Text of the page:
Lives ‘still blighted’ by contaminated blood

Thousands of people with bleeding disorders were infected with HIV and/or hepatitis.

Ella Pickover
Monday 20 May 2024 08:11 BST
Martin Reid was infected with hepatitis C as a child while having treatment for haemophilia (handout/PA)
Martin Reid was infected with hepatitis C as a child while having treatment for haemophilia (handout/PA)

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Louise Thomas

Louise Thomas


Thousands of lives “continue to be blighted” by the infected blood scandal, a charity has said, as victims and their loved ones spoke out about the lasting effects of the scandal.

Infected people and their relatives have described the long term health impact, the “survivor’s guilt”, and the grief of losing relatives.

Thousands of people were given contaminated blood or blood products between the 1970s and 1990s in what is known as one of the worst treatment disasters in the history of the NHS.

The official probe into the scandal, the Infected Blood Inquiry, is set to publish its final report on May 20.

People say that time heals, but it doesn't - what happened to him was so awful, he would have been 65... all those years he was denied

Amanda Patton

The Haemophilia Society said that the publication of the report “marks a seismic moment in the long fight for truth and justice for people with haemophilia”.

Up to 6,000 people with haemophilia and other bleeding disorders were infected with hepatitis and 1,250 of these were co-infected with both hepatitis and HIV.

Of the group who were infected with both hepatitis C and HIV, only around 250 are still alive today.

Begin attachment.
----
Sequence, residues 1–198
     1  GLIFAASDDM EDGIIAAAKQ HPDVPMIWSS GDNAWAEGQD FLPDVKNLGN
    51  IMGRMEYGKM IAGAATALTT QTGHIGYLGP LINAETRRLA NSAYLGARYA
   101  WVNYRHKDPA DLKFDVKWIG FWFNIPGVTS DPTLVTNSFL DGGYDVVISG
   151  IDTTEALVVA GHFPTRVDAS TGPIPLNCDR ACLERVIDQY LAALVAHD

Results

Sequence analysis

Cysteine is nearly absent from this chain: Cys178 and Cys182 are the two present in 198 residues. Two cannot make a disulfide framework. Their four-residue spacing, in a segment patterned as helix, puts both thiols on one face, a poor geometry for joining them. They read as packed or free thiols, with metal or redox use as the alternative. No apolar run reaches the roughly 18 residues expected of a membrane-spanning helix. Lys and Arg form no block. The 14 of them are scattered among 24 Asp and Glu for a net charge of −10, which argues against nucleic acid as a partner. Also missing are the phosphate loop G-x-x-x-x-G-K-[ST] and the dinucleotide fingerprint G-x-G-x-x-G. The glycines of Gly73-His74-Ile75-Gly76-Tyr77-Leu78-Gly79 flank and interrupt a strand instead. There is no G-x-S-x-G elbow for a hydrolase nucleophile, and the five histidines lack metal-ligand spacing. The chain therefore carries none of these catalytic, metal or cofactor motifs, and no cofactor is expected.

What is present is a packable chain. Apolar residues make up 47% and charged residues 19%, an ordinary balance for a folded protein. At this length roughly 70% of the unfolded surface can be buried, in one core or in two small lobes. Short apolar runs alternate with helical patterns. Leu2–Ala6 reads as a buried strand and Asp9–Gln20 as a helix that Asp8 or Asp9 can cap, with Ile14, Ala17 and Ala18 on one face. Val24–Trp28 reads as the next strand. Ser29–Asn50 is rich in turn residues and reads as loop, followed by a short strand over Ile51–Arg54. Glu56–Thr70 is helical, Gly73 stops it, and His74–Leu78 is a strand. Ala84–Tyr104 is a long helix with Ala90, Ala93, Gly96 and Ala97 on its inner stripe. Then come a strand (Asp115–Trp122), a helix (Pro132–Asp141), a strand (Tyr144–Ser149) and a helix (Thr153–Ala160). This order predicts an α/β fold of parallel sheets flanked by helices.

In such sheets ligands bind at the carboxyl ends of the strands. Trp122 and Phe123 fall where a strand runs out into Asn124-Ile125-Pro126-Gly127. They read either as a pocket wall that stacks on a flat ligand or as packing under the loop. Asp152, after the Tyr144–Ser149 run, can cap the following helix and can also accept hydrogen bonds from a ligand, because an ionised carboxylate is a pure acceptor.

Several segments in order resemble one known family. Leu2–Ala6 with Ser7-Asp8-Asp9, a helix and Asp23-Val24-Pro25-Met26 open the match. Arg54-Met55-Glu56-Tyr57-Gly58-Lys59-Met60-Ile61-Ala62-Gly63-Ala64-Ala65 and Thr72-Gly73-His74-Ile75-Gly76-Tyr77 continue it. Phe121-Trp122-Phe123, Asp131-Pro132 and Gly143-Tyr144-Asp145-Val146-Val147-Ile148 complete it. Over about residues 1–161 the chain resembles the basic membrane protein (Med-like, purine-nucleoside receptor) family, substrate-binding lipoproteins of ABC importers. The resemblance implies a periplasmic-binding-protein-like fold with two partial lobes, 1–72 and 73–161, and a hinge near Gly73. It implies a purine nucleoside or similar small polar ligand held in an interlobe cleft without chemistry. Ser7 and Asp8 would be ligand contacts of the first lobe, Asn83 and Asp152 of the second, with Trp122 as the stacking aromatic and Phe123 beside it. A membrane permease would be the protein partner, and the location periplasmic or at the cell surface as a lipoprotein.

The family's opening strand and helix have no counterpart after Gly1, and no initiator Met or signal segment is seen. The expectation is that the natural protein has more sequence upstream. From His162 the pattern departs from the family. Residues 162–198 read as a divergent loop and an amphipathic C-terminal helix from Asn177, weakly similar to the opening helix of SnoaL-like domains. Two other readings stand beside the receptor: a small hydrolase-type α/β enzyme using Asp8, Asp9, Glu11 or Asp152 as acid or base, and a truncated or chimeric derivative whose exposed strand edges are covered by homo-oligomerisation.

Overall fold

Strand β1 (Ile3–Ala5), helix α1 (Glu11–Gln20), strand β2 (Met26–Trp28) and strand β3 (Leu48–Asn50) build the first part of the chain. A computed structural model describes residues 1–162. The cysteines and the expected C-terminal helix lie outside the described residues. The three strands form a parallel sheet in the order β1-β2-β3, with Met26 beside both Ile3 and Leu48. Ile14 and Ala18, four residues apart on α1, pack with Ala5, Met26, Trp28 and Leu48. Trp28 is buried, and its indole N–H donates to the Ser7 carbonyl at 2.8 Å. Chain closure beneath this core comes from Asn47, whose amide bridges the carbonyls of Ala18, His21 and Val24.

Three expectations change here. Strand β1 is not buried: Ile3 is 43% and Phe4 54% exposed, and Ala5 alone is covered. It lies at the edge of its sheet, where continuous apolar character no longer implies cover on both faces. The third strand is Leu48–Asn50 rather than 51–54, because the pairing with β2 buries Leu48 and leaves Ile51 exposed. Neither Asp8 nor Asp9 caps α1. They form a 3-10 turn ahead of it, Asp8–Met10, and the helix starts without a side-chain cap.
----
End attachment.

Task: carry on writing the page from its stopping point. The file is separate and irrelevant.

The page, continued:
The sister of a popular local radio DJ who died after receiving a contaminated blood product has described how she still misses her brother almost 30 years after his death.

Amanda Patton’s brother Simon Cummings was infected with HIV through his treatment for haemophilia and died in 1996, aged 38.

“There’s no doubt that the haemophilia did have a big impact on him… but it never stopped him,” Ms Patton told the PA news agency.

Mr Cummings was one of the original presenters at an independent radio station in Surrey and Hampshire called County Sound.

“He became a very well known local personality and was incredibly popular,” Ms Patton said.

“Simon was just an absolute natural on the radio and everybody adored him. He had a fantastic sense of humour. He was wonderful.”

During his time as a radio presenter Mr Cummings decided to create a charity single – Everybody’s Got A Crisis In Their Life – and got some famous names to contribute.

“It features Simon on lead vocals with Cliff Richard and Justin Hayward and Rick Wakeman, and all sorts of other people,” said Ms Patton.

“Simon knew Cliff reasonably well, well enough that they occasionally socialised together. I met Cliff at Simon’s house a couple of weeks before Simon died. I just happened to be there when Cliff came to see him.”

Mr Cummings died in December 1996.

Ms Patton, a garden designer from Surrey, said: “He phoned me in September of that year and he said: ‘I’ve got good news and bad news, the bad news is that they’ve given me between two and six months (to live), but the good news is I don’t have to go to the dentist again.’ It was just typical of him, absolutely typical.”

She added: “People say that time heals, but it doesn’t – what happened to him was so awful, he would have been 65… all those years he was denied, it’s all the ‘might have beens’ as well as everything else.”

Ms Patton wants to create a garden for people with haemophilia at the Chelsea Flower Show.

Meanwhile, Martin Reid from Insch, Aberdeenshire, has described the lifelong impact after being infected with hepatitis C.

He was infected with the virus as a child while receiving treatment for his haemophilia.

After treatment, Mr Reid’s hepatitis was cleared in 2011, but he has been left with lasting effects from the virus including anxiety and depression.